A City Not Seoul

Greetings Dear Readers,

I hope this posting finds you well and on your way to a lovely spring weekend (sorry to those in Canada, where spring is a bit delayed). As promised in my article “My Apartment in Korea,” here is the second part of the series, where I will showcase my humble town of Deokso.

I live in Gyeonggi province, which is right next to Seoul. It actually hugs Seoul from the east side and goes almost all the way around. Within Gyeonggi province is a huge and sprawling city called Namyangju. Most of my friends live scattered throughout this city. Within the walls of Namyangju are many towns and counties, some more developed than others and some more country than city. I live in one of those towns, which is on the border of the “rural” area but not quite farmland territory.

In Deokso we have a subway station all our own, fast food joints, great Korean restaurants and lots of places to go exploring. I would like to show you my town to give you a better idea of what a regular, no-frills town in Korea looks like, in a city that is not Seoul.

Let us begin our tour as if you were getting off at Deokso subway station, as seen below:

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The main intersection if you were leaving the station and heading towards my apartment.

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Local produce sold by old ajjumas.

A shop selling traditional Korean sweets. Rice cakes filled with honey or red bean and brown sugar.

A shop selling traditional Korean sweets. Rice cakes filled with honey or red bean and sugar.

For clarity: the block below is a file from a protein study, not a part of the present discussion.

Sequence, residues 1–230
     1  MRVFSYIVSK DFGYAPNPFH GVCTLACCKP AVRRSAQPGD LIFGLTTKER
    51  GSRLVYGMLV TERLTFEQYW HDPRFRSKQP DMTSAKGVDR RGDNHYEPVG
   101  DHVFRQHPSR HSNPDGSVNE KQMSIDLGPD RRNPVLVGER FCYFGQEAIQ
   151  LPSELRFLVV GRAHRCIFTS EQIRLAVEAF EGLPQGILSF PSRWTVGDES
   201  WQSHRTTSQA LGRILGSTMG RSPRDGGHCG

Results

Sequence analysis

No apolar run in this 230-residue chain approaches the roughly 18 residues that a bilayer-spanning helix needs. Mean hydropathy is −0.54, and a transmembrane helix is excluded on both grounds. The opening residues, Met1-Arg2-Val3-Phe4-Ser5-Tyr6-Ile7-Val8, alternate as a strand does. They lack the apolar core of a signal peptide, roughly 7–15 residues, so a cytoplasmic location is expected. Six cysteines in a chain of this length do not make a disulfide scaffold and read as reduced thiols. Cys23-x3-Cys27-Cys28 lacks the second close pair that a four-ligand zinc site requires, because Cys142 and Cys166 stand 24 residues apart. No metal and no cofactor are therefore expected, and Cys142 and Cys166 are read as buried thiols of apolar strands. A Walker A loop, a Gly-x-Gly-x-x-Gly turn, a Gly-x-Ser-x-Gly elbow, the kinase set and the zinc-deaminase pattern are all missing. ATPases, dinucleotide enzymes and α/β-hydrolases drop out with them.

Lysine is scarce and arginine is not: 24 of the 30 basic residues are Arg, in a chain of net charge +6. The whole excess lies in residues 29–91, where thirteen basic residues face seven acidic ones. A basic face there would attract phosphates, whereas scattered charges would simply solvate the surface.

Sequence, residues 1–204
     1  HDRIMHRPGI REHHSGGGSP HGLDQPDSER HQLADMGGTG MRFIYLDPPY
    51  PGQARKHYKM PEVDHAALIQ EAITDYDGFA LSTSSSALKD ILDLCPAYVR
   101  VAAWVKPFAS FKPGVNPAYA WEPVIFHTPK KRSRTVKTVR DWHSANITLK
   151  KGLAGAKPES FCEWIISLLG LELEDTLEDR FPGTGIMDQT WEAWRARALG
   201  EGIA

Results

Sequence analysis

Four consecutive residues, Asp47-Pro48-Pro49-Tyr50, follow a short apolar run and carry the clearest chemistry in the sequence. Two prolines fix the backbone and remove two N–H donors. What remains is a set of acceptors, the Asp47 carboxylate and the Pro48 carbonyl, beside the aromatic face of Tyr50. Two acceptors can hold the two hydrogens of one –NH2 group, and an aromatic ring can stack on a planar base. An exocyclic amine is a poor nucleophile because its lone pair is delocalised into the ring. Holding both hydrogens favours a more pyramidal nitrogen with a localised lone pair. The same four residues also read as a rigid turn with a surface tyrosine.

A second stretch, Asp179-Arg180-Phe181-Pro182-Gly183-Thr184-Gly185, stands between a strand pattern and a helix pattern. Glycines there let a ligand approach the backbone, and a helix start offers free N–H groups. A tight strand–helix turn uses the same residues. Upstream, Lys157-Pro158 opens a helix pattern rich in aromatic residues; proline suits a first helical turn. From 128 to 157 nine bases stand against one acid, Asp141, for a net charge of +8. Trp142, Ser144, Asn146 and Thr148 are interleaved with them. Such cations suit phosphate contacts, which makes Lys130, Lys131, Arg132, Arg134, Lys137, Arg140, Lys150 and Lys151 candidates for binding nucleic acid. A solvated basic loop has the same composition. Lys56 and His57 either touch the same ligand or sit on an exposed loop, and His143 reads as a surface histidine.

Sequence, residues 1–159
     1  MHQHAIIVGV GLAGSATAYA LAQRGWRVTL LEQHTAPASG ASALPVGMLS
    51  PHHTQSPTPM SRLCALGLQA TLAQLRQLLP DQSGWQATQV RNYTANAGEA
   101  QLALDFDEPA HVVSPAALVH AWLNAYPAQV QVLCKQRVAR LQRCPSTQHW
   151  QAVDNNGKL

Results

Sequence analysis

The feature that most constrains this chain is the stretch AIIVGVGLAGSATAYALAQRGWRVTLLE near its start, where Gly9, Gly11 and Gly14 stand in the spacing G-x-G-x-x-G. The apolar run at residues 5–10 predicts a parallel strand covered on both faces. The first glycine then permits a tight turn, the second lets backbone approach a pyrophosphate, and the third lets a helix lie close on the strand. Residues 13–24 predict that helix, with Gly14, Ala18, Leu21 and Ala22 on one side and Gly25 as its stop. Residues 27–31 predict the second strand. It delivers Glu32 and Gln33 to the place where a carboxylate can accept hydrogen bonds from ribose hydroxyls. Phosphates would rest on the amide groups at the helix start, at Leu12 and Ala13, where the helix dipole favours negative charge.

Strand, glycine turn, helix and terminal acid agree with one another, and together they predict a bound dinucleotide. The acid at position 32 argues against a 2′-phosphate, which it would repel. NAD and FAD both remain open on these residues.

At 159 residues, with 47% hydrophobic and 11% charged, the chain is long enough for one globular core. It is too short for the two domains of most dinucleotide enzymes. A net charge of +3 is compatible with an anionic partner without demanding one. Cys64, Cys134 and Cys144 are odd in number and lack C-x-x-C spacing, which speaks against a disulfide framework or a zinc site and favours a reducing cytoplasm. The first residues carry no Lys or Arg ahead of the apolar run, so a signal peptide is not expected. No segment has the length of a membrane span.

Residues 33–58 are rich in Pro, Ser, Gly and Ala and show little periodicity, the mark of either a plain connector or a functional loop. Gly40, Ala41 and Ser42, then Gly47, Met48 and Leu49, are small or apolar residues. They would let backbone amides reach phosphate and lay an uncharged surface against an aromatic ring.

We also have a Baskin-Robbins which is always busy, a Domino’s Pizza which is really expensive compared to what we are used to in the west and a Dunkin Donuts. I’ve never been in the Dunkin Donuts but I hear they have some odd, Korean style donut flavours that are quite popular with the curious at heart.

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Can you find the Dunkin Donuts shop in the second picture? It’s on the bottom-left, buried under a pile of other signs and text. This kind of building labeling is quite common all over Korea. Buildings are stacked with business logos and shop signs that often have nothing to do with each other. It makes finding places a little difficult, especially if your Korean reading isn’t very good.

Convenience stores are also everywhere and sell everything from toilet paper to beer. Many shops even supply plastic tables and chairs outside where you can crack a beer or an instant coffee right there and relax with friends.

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Diaso! Everyone's favourite dollar store!

Daiso! Everyone’s favourite dollar store!

Apartments and houses:

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My hapkido gym, on the third floor of the building below, one above the poolhall, labeled with blue and red circles on their signage.

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The view of the main road leading towards my building, taken from inside my hapkido gym.

A chicken shop with delivery bikes. Very common in Korea. Even McDonalds delivers!

A fried chicken shop with delivery bikes. Very common in Korea. Even McDonalds delivers!

Buses on the main street towards my apartment.